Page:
When I heard the news of the resignation of the Archbishop of Canterbury, my thoughts went back to the beginning, to that day at the end of February 2003 when Dr Rowan Williams was enthroned.
I had wandered through to the features department at The Times to ask their advice about a tricky problem I had encountered, only to find that everyone was glued to the television. They were watching the new archbishop and were enthralled. Something about him - his goodness, his spirituality - captured the imagination.
Which made me feel slightly embarrassed. Because what I had come to discuss was my difficulty editing a series of lectures made by Dr Williams. We intended to put abridged versions in the paper and it had been given to me to do the cutting. Now, in order to edit something properly you have to be able to see the essence of the argument and that was where I was struggling. Try as I might, I couldn't work out what the new archbishop was going on about. But seeing everyone watching in awe, I kept my difficulties to myself and returned to my desk.
But I thought I might as well come clean now. Two things have been said about Dr Williams at the end of his term. The first is that he is a great intellectual, the second that he struggled with the practicalities of his office and must therefore be counted a bit of a disappointment. I don't agree with either.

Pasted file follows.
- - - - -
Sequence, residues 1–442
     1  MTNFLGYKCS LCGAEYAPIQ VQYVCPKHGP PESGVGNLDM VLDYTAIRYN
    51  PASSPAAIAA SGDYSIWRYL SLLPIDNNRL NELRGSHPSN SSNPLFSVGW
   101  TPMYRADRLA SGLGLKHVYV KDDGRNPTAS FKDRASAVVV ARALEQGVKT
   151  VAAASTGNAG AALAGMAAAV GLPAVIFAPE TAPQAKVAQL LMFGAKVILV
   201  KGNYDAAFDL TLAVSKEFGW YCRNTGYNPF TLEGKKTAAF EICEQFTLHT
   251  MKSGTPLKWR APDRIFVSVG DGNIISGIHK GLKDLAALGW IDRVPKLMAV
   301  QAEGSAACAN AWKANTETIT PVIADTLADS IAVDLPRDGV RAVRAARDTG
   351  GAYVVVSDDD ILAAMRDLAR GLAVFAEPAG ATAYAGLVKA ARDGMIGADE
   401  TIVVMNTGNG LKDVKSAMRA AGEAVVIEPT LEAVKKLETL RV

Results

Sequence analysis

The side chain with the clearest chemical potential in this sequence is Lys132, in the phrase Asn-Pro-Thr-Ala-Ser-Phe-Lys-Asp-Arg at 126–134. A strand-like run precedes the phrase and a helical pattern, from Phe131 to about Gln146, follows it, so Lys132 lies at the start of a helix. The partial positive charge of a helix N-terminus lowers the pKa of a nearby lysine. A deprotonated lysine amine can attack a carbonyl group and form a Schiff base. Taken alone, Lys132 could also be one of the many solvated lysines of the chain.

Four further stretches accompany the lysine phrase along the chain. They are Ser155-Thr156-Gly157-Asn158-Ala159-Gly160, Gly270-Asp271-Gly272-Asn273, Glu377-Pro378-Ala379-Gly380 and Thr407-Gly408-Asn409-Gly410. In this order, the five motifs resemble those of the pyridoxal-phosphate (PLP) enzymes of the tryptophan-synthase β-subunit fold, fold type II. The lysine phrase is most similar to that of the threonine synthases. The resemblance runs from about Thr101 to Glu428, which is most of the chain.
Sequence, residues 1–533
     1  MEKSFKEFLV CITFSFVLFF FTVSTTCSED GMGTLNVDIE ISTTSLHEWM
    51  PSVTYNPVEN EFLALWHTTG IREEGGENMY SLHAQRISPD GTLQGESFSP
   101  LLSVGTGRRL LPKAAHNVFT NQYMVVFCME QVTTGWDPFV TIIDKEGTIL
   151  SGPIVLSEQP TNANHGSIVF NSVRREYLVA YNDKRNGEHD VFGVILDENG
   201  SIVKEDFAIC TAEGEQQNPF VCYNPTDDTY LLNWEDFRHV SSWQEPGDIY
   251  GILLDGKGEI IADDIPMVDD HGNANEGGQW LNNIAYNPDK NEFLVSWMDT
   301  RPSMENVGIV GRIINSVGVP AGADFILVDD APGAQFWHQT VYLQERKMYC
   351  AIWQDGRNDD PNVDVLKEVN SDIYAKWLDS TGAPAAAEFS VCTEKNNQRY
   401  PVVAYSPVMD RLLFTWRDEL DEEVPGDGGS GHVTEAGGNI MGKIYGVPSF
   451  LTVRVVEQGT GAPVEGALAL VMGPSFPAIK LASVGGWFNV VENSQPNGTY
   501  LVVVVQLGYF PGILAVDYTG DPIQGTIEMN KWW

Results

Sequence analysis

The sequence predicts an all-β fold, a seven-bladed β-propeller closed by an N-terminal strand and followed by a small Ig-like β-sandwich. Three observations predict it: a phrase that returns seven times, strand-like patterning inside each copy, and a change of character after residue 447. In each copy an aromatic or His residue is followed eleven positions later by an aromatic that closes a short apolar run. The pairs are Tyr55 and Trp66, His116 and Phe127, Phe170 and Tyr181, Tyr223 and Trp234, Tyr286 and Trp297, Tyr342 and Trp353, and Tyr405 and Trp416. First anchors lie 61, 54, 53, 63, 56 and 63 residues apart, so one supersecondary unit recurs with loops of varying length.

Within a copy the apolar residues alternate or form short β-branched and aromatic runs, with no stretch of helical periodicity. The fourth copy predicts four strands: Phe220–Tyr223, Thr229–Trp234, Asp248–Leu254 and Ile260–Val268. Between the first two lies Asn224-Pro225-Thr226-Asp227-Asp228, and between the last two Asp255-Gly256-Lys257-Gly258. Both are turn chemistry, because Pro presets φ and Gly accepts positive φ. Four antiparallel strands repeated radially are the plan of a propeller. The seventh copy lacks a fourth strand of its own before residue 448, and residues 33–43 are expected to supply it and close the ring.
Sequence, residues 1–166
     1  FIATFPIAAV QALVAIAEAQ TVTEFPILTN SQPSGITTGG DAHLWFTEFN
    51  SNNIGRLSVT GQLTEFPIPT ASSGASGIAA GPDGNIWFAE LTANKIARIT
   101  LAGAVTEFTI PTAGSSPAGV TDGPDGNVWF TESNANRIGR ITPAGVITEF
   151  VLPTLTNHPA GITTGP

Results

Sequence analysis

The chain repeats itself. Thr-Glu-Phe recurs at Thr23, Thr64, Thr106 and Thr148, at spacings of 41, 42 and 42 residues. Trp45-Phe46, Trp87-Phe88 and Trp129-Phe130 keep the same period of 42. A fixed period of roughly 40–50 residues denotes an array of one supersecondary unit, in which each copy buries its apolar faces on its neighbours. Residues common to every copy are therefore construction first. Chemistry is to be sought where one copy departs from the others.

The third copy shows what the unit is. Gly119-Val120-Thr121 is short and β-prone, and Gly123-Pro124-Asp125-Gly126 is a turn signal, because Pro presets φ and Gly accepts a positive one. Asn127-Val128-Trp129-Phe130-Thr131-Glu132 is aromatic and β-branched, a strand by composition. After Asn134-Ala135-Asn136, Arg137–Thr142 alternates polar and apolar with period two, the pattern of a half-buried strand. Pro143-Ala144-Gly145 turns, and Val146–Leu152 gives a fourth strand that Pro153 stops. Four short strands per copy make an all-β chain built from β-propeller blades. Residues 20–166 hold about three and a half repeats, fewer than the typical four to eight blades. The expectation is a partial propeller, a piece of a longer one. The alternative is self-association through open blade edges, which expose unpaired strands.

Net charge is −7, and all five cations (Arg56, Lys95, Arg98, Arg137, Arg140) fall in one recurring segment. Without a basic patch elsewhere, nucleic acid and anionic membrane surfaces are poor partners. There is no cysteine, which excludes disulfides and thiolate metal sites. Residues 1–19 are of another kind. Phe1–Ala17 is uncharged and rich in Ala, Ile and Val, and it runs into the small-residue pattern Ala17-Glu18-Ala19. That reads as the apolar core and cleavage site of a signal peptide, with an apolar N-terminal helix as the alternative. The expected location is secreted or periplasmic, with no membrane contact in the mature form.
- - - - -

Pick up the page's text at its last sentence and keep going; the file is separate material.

Let's get the intellectual thing out of the way first. I am not suggesting that Dr Williams is anything less than a great mind. I can't suggest this, because I don't know. I can listen to him for hours (and I have) without ever quite grasping his point. His language is often so opaque that it is impossible to follow. I once remarked to a friend sitting at a lecture with me, that I had only understood a single paragraph in a lecture lasting an hour, but feared that I did not agree with that paragraph. My friend laughed, but I wasn't joking.
I was hurt by his support for Israeli investment boycotts
What I did understand seemed to me quite disappointing, such as his aversion to shopping, with his (I, erm, think he was saying this) suggestion that consumerism is one of the scourges of modern life. And, like many Jews, I was very hurt by his support for Israeli investment boycotts.
At the same time, however, I don't share the view that he was too weak as archbishop. As a Jew I often reflect what a remarkable institution the Church of England has become in modern times, what a remarkable institution people like Rowan Williams have created. It is a national religion able to live alongside other faiths. Judaism is respected and accommodated by the people that run Britain's established church. This has become such a routine part of national life that we rarely stop to consider it, or how special it is.
The mildness, doubt, and lack of assertiveness of the Church of England is often attacked as "wet", but its moderation is one of the things that makes Britain a great place to live in if you do not belong the Church of England. The very attributes that are scorned and satirised are those that make it possible for the Church to be truly national. Rowan Williams strove to keep the Church together and that seemed weak, but was, in fact, of a piece with his generosity as a person.
The people who watched Rowan Williams on the television that day were right. There was something, is something, special about his spirituality. I may not be able to comprehend much except his niceness but that niceness is not a small thing.
Daniel Finkelstein is executive editor of The Times